Wine, cider and beer drinkers may soon have to pay more for their favourite drinks if proposed alcohol tax increases are implemented.
The proposal recommended by the Foundation for Alcohol Research and Education (FARE) in its pre-budget submission would raise $2.9 billion per year, with wine taxed in the same way as beer – by the volume of alcohol rather than price.
Beer drinkers would pay about five cents more per glass and a $15-$20 bottle of wine would increase by about $3.80. FARE estimates that the price increase would cause a 9.4 per cent fall in alcohol consumption.
“Reforming the alcohol tax system should be a no-brainer. In fact nine separate Government reviews have recommended we do exactly that,” said FARE chief executive Michael Thorn. “Increasing taxes on alcohol would not only address the budget deficit but, as research shows, is also the most cost-effective way to reduce alcohol consumption and the resulting harms, particularly among young people and risky drinkers.”
The Winemakers’ Federation of Australia says money the government makes on the changes should be spent on promoting Australian wine overseas.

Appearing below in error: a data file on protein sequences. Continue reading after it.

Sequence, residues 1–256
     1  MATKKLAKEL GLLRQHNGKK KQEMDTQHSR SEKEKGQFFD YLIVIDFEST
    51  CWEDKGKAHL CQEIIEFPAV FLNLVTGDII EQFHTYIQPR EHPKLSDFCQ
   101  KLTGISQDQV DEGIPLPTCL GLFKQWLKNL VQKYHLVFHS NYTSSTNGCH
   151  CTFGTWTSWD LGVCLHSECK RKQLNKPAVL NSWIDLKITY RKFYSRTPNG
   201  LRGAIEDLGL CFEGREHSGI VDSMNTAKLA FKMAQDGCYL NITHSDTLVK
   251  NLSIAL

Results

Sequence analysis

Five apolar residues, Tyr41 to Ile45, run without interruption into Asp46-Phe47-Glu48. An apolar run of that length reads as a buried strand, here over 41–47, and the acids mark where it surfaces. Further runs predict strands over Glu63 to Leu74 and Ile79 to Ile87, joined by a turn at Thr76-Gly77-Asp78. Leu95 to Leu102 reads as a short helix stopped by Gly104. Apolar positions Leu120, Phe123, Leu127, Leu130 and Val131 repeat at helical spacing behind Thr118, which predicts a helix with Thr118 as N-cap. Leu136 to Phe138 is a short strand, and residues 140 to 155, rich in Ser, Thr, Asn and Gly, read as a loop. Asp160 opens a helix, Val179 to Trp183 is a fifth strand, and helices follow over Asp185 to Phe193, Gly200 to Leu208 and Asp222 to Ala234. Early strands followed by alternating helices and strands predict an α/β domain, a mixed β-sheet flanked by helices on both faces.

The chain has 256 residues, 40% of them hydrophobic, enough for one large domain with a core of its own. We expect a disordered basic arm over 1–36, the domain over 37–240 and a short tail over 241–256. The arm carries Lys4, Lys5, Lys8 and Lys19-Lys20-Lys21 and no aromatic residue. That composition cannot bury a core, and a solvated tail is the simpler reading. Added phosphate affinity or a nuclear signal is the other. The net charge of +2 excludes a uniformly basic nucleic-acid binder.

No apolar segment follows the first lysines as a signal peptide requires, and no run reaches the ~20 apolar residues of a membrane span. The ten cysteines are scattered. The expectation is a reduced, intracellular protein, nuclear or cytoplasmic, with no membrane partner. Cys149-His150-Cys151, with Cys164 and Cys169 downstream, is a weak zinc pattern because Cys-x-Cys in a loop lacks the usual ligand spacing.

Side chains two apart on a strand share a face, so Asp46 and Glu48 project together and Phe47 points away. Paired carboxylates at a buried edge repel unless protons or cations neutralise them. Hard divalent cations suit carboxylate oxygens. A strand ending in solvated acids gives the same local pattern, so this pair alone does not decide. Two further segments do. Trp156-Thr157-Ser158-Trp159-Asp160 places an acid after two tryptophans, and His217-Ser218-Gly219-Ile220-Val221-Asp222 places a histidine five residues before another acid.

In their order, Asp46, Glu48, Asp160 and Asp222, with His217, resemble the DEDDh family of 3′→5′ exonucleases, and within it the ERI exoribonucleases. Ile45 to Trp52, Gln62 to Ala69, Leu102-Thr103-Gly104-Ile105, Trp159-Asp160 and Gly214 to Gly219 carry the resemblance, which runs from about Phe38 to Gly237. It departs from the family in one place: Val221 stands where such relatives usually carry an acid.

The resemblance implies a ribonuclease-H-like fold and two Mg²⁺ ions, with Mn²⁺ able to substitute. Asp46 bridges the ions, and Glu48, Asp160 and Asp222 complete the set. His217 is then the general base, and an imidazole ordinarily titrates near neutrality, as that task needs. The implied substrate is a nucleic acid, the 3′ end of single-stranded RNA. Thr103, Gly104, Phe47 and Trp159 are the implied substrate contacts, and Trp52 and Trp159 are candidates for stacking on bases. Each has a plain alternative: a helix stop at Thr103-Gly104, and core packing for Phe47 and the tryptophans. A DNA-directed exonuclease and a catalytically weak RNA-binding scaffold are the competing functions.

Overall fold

The federation’s chief executive, Paul Evans, said there was a reason wine was taxed differently under the present system.
“Wine is different when it comes to our socio-economic input into regional Australia, employment footprint, contribution to export earnings, profitability and access to capital, compared with the vastly different brewing and spirits industries and it’s only fair that alcohol tax rates reflect this,” he said, adding that Australian wine is among the most heavily taxed in the world.
The federation told The Newsroom Australia’s wine industry contributes $40.2 billion dollars to the national economy and is responsible for almost 173,000 jobs. – Joseph Walz
Photo of wine glasses from Alice Salles’ Flickr photostream.